We Were Wrong
Hey there, crew. I just wanted to start off by saying that I love this magazine and you do a great job. I noticed in your Apr. '10 issue, in "Wheel Bolt Patterns," that the tire and wheel chart incorrectly states a bolt pattern of 6-on-41/2 for '91-'09 Dodge Dakotas. Dodge actually switched over to a 5-on 51/2 in 2005 on those trucks. Keep up the great work!
Yep, we blew it! That should have been '04 instead of '09. Good catch!
I tried to email your in box at firstname.lastname@example.org, but I got the email back, so I'll try this. I got a good chuckle out of the "ask GM" article in your Apr. '10 issue (Nuts & Bolts). Me and a few people I know have the opinion that GM doesn't care what their customers want. I've driven Chevrolets most of my life. Between my wife and me, we drive three Chevys. My wife drives an '05 Silverado 3500 with a DuraMax. I drive a '98 Z71 for a work truck. I also have a '77 K1500 short-box Stepside powered by a 454.
If GM cared what their customers wanted, they would be building a rear-wheel-drive Impala by now. The reason they won't put a straight front axle or a manual transmission in a truck is the same reason there is no lever for the transfer case, and why they have heated seats and all the other whistles and buzzers: so women will buy them.
Dave R. Prouty
Wow, you are so wrong on both counts! First, you used the wrong email address. It should be email@example.com. Second, since when are women the reason many trucks have IFS, automatics, and a knob for the transfer case? Sorry, I bet even your wife will admit that it's focus groups and marketing folks who craft questions like, "Would you like an extra cupholder?" instead of, "Do you want a real truck?" Don't blame the women for namby pamby trucks. It's your fault for buying them rather than demanding what's right.
How do I get into this business?
I don't know if this would be the proper department to direct this to, but I have a kind of personal question. I'm 23 years old and am currently in my last semester of college. I'm an avid Jeep enthusiast and am very interested in all things off-road. I guess my biggest question to you is what would be some productive steps toward a career in the off-road industry. Any and all information would be a fantastic help. If you can't give any suggestions but know of anyone that could, please forward my email along to as many people as you can. The more input the better. I seek your advice because you guys have an outstanding magazine and are a very prominent name in the off-road world. Thanks so much in advance.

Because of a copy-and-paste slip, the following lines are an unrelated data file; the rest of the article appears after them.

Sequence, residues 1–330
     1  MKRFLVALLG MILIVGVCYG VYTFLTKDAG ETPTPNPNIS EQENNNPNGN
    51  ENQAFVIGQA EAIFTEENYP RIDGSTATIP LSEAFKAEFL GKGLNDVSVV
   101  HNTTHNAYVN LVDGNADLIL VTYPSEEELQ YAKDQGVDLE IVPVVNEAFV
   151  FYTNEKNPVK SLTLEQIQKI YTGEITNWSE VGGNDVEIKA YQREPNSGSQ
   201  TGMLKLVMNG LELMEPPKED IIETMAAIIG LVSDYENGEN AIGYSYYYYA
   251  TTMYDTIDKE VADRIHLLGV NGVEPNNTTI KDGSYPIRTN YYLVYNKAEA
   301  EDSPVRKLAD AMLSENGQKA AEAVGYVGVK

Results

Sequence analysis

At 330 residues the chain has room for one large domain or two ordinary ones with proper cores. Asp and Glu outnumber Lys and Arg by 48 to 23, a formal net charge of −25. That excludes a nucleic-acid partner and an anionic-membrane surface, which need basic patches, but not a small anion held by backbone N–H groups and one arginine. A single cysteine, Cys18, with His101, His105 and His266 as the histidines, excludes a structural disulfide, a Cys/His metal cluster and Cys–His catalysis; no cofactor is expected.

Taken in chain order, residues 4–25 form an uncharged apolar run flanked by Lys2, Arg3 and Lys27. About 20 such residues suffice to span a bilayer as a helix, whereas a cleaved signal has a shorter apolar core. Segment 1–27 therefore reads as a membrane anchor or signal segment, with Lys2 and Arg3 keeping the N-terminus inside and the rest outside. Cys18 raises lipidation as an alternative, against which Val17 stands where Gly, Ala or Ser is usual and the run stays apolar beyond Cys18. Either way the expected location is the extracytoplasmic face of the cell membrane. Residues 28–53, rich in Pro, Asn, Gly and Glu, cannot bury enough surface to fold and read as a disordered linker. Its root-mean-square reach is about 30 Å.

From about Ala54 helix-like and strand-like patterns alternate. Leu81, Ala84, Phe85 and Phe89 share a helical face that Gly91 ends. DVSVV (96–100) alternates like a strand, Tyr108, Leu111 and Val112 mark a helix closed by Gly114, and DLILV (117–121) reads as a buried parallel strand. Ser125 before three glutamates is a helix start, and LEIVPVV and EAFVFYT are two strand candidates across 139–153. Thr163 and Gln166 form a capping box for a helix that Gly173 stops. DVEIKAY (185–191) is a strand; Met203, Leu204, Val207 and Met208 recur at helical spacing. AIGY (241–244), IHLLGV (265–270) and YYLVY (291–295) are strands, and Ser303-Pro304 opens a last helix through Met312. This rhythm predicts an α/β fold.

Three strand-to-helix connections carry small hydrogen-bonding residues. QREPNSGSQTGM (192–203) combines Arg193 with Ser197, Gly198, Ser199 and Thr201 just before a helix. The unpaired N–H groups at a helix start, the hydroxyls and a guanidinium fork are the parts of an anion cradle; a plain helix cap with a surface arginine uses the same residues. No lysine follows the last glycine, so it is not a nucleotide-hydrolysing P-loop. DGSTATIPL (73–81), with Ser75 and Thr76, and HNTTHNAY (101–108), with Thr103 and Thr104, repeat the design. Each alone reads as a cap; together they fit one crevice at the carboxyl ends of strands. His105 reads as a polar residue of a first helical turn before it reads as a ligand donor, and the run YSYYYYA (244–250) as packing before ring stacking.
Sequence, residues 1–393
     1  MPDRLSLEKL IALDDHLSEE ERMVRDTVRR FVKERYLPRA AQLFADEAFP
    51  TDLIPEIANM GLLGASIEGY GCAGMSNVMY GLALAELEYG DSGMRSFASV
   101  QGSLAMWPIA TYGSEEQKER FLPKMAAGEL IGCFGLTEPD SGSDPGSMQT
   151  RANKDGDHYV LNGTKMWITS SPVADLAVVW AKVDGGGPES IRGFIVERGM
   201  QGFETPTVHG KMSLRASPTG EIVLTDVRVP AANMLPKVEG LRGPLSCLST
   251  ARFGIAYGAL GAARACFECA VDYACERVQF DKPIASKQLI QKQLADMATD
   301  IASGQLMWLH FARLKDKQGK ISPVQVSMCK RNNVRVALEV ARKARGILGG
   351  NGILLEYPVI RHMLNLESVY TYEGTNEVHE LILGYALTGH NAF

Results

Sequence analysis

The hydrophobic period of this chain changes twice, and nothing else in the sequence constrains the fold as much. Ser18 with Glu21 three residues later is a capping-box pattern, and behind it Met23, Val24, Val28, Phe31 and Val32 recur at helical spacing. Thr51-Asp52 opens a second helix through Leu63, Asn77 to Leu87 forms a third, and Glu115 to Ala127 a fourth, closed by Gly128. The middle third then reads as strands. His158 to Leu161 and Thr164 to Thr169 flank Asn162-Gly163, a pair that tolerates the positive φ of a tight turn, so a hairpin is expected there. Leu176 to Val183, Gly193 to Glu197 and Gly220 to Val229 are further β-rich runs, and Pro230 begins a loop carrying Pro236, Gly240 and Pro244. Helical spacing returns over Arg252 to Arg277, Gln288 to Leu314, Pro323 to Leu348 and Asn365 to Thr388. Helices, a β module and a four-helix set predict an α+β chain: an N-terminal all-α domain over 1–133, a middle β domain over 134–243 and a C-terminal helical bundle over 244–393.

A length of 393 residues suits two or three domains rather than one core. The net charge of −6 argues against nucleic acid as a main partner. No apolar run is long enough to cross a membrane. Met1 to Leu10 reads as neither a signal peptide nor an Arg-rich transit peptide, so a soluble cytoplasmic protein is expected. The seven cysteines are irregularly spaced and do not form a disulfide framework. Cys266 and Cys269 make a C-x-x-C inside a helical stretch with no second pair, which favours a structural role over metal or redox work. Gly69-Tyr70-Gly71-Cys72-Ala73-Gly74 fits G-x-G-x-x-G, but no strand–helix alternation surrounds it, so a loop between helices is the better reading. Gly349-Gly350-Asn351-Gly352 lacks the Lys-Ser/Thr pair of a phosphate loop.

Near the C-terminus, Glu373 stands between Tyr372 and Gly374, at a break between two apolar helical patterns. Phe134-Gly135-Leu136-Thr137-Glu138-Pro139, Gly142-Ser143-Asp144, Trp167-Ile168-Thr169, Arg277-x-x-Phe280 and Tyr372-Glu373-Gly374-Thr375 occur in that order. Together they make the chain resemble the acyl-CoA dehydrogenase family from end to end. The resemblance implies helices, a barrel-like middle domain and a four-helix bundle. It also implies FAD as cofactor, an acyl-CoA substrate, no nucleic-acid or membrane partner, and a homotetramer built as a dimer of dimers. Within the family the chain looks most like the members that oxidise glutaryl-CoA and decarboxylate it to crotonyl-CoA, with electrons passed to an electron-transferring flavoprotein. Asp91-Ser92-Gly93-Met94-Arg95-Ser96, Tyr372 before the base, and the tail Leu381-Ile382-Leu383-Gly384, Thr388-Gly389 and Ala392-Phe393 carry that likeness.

I posed your question to the staff since your question is so broad. Here's what we came up with.
ALI MANSOUR WRITES: The off-road industry is similar to other major industries around the globe, as it has many avenues that you can go down. Whether your specialties are in sales, engineering, welding, writing, or website mastering, there are plenty of ways to make a decent living. My best advice is to find a role that makes you happy and still puts some change in your pocket. The off-road world is great, but for many that transition from enthusiast to fulltime 4x4 guru is a tough one to make. Don't be afraid to try a host of different positions. I have had my share of 4x jobs, and finding out what I didn't want to do put me that much closer to finding the job that was right for me. Best of luck.
DREW HARDIN ADDS: Network, network, network. Talk to your club buddies, your shop buddies, anyone involved in the industry/hobby to see what kinds of jobs are available in your area.
KEVIN MCNULTY SUGGESTS: Go to medical school!
TO WHICH FRED WILLIAMS RESPONDS: Go to medical school and spend your money on your truck and go wheeling every weekend!
Satisfying the Masses
I was going through some old magazines today and I stumbled across a submission by Erik Charle in the Mar. '09 issue ("Ultimate Adventure Sidekicks," In Box). He proposed that you guys build a project Tracker. I think that is a wonderful idea, because I have a '93 Geo Tracker and I am starting to modify it to be a capable street-legal mud and trail rig. I would really appreciate some tips/ideas from your professional opinion. Building one would satisfy both Erik and me and I'm sure at least two or three other guys that read your magazine. Plus, it would show some of the low-horsepower skeptics that you don't have to have a V-8 to have a capable rig.
I think you answered your own question, Dillon. While we love the Tracker and agree that one doesn't need a V-8 to have fun, all five of our readers that want that story will have to be satisfied with another, more common and popular type of rig for the example. Unless of course you want to give me your Tracker for me to play with.
Price Your Parts!